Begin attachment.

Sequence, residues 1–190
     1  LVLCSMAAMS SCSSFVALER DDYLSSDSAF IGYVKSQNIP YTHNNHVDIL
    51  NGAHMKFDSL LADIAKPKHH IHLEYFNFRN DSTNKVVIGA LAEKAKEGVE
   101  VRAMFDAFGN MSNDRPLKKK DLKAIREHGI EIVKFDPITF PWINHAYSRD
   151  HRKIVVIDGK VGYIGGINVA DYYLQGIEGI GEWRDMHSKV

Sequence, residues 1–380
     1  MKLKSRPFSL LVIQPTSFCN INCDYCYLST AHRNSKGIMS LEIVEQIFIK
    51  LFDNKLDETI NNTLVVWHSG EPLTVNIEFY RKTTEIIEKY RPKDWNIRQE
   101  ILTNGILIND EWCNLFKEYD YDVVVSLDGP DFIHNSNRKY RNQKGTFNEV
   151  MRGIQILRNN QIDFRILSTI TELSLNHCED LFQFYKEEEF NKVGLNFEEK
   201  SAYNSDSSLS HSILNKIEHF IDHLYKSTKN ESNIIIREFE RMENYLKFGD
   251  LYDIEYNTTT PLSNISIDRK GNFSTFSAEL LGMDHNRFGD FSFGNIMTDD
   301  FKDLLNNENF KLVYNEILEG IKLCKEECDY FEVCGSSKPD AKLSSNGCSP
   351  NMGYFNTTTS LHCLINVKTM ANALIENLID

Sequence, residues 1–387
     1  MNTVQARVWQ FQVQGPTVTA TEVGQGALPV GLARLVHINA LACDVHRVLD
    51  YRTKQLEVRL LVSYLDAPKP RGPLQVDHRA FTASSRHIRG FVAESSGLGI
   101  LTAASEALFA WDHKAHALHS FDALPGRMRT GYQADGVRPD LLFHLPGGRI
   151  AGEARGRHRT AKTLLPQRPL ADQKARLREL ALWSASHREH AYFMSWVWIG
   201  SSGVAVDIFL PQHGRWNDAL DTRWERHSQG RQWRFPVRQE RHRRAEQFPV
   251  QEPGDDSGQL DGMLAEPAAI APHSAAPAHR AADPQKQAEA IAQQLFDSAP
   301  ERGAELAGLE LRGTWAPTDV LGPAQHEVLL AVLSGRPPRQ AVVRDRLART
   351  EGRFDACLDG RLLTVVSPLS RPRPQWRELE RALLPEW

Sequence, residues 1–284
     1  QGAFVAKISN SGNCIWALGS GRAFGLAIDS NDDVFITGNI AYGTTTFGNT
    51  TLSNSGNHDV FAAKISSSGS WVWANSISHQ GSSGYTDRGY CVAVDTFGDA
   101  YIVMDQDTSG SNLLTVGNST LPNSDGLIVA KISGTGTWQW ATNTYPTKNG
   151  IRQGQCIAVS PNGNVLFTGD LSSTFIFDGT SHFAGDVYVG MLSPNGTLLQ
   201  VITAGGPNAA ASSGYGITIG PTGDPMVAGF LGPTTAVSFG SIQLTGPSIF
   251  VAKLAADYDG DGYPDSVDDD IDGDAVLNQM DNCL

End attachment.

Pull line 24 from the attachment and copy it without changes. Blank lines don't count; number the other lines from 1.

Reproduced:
Sequence, residues 1–284